I think I’ve addressed how creativity is involved in my work. But of course I think creativity is useful and even essential in a vibrant life outside of work as well.

Certainly, family life benefits tremendously from creativity. My wife is probably better about this than I am, but we both strive to find creative new ways to teach our daughter new ideas and behaviors. I’d like to think I apply creativity in how I treat with my wife as well; at the very least, we can agree that it would be nice if it were true. :)

One interesting outlet for creativity I’ve enjoyed lately is my work at church. I volunteer one or two Sundays a month to work on the light board, a bank of levers and buttons that control the house lights, spot lights, and decorative stage lights. As with many contemporary church settings, the feel is at times reminiscent of a concert! Along with the objective technical aspects like making sure that the singer or pastor is adequately lit, I have the opportunity to be creative in the selection the colors and patterns to follow the mood of the service.

5. What is the most challenging part of the creative process for you?

I often find it hard to finish a project and send it out to be consumed, used, and critiqued. I’m always finding something I can improve, tweak, rework, re-cast… Of course, what good is a creation that cannot be shared? My challenge is to set aside that urge to perfect and just get the work out there. It seems to me that this challenge would be more intense with the creative arts, because once a work is out there it often cannot be revised. In my case, I frequently have the opportunity to improve upon my work after people have had the chance to try it out. It is good for me to remember that.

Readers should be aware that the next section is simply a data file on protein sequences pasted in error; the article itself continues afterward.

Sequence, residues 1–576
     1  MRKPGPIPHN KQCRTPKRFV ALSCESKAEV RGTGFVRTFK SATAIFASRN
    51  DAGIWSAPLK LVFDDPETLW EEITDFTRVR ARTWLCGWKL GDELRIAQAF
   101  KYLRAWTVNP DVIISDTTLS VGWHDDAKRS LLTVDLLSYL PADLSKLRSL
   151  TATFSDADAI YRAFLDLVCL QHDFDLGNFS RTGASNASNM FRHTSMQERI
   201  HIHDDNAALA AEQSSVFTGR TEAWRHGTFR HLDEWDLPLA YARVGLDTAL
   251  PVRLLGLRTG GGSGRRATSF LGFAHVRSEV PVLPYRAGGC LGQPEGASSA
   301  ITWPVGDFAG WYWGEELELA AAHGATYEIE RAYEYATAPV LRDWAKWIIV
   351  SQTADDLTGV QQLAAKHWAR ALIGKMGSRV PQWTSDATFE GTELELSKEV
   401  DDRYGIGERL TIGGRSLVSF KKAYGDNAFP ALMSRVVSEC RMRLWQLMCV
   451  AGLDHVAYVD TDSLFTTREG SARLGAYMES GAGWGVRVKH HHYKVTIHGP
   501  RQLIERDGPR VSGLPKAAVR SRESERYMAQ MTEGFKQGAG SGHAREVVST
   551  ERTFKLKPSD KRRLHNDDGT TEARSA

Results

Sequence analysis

6. What is the most rewarding part of the creative process?

Certainly, the accolades and encouraging words of others are among the most important rewards. But more than these are the implicit accolades that come when people use my work to further their own, citing my software or papers in theirs. I recently had someone incorporate the use my software into a textbook. I think that means I am immortal! :)

The “Eureka!” moments that come when I make a new discovery or solve a particularly vexing problem are intensely rewarding as well, and I’d say that they are the reasons I love to do research versus straight-ahead development.


7. At what point do you feel that you have succeeded with a creative endeavor?

I think it is when the external rewards come in that I discussed in the previous question. I certainly acknowledge that a personal satisfaction in the quality of my work is important. But truthfully, the very purpose of my core work is to enable others to solve problems that they would have been unwilling or unable to do without it. So without the positive feedback from others, I could not be certain I had succeeded.

* * *

Thanks, Michael, for the insight. As for immortality, that's Creativity with a capital C: what a lot of creatives secretly crave. ;-)

2 comments:

  1. This is a very neat feature, Alison. Windows of Insight...I will be looking out for more of your dialogues (I went back and read #1, too). Creativity in all its forms is a big interest for me, too.

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  2. Hi Toby, glad to hear it! I've got some great people lined up, and am always looking for new people to contribute, if you have some suggestions (hint, hint). ;)